As we have learned about winter and wilderness seasons and looked at the example of King David’s life, we have established that difficult times have mixed blessings and that they always serve a purpose. For the next few days, I want to give you a few practical things you can do to better navigate these challenging periods in your life, because inevitably, they will come. First of all, don’t ask too many questions.
When we encounter troublesome times, it’s natural to want to understand why, so we ask questions like, “Why is this happening to me?” or “What does this mean?” While I don’t want you to feel guilty for asking those things, I also want to encourage you with the thought that you don’t need to have all the answers. I remember with our son Cohen, who suffers from seizures, that anytime something bad would happen or he would have a new symptom, we wanted to understand all the ramifications of it. We found ourselves wrapped up in the will’s and what’s, and we were constantly inquiring “What does this mean for him as an adult?” or “Will this affect his schooling?” The problem is that having the answers to our inquiries didn’t always help us help him. That’s why we decided to simply trust Jesus, love our son, care for him as best we can, and choose to believe that his best days are ahead. This is also what I encourage you to do in your own life!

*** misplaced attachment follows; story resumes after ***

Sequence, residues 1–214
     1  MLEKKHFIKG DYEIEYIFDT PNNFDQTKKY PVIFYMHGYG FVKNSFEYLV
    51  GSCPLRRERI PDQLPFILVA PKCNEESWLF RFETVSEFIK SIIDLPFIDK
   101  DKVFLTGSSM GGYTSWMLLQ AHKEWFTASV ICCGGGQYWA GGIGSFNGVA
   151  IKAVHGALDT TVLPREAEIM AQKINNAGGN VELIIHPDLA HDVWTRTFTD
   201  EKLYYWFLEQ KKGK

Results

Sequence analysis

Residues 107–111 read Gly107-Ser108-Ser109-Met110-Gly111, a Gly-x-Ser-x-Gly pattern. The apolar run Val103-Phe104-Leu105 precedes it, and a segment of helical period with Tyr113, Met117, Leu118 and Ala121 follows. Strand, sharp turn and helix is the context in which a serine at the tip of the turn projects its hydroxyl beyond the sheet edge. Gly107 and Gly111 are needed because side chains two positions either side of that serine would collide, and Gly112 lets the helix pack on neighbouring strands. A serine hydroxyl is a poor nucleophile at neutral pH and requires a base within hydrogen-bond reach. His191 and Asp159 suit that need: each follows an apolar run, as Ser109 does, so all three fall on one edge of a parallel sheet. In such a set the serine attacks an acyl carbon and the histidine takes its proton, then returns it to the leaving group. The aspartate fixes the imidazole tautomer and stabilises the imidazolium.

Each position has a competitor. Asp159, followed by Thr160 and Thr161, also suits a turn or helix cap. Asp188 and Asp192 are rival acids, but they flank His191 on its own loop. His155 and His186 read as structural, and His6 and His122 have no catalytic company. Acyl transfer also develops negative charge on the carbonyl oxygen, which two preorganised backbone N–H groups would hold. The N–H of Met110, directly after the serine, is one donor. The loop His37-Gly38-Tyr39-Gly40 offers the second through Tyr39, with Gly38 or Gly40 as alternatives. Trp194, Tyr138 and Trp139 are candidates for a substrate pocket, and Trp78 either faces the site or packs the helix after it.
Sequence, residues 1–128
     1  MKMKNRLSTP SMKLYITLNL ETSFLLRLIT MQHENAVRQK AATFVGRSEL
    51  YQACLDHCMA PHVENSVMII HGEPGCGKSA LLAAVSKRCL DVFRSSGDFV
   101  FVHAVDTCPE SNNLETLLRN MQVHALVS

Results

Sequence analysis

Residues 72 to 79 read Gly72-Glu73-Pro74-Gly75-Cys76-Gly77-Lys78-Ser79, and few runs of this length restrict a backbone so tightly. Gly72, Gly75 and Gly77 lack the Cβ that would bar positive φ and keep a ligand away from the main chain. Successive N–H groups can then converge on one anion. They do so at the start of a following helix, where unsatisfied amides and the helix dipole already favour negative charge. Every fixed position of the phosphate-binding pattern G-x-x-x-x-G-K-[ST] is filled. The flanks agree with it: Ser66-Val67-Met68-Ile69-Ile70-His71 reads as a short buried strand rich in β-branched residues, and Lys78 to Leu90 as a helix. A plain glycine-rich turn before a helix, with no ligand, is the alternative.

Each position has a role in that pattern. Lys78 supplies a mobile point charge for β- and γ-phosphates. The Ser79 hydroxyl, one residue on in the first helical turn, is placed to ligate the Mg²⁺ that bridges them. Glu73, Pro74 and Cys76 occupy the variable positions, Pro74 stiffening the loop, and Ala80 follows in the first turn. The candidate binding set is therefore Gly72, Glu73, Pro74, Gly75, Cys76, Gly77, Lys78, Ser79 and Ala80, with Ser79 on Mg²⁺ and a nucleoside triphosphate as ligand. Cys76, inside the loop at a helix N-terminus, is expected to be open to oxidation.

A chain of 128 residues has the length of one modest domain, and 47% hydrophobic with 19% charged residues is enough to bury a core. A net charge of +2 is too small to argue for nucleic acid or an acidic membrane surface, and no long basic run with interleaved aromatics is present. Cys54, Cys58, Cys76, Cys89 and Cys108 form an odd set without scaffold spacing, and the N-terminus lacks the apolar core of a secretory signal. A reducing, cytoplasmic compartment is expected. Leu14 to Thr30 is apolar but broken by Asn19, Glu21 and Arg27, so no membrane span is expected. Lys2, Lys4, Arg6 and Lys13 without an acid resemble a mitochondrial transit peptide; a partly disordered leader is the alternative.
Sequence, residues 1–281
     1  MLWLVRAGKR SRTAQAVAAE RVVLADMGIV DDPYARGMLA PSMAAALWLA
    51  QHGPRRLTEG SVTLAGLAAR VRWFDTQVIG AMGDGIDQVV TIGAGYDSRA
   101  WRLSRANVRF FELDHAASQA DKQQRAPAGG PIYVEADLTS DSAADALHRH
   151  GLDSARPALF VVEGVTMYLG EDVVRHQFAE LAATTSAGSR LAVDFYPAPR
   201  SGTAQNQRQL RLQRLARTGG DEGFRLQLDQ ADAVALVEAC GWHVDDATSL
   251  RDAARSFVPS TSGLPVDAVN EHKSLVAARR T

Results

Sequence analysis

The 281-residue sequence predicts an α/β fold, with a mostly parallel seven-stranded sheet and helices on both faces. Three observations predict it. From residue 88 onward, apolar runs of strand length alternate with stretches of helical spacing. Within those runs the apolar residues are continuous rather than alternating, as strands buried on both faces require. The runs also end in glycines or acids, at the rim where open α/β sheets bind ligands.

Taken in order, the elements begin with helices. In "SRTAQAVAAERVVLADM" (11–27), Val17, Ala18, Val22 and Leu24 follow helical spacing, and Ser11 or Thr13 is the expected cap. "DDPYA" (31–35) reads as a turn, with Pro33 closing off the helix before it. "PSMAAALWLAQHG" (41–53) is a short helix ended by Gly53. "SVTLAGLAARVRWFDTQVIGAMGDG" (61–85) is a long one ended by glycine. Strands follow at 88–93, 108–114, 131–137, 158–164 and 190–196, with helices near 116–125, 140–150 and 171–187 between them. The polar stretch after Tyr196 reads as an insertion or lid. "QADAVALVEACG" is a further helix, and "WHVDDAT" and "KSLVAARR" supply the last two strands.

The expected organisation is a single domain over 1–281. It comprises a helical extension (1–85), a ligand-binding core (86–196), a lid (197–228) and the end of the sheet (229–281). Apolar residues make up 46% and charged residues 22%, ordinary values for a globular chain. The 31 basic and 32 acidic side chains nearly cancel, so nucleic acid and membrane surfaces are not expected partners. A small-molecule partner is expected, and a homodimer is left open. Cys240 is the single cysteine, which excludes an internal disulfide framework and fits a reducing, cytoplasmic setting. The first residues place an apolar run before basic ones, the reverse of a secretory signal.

Friend, no matter what things look like, trust the Lord and build your faith! Focus on His goodness, not your problems, and keep putting one foot in front of the other. As Marcus Aurelius once said, “A cucumber is bitter, throw it away. There are briars in the patch, turn aside from them.” There’s a lot of wisdom there and I encourage you to take it to heart. Jesus is with you in each season and He is going to see you safely through to the other side of every obstacle you face. You can rest easy, even when you don’t have all the answers, because you know the One who does! Isn’t that wonderful news?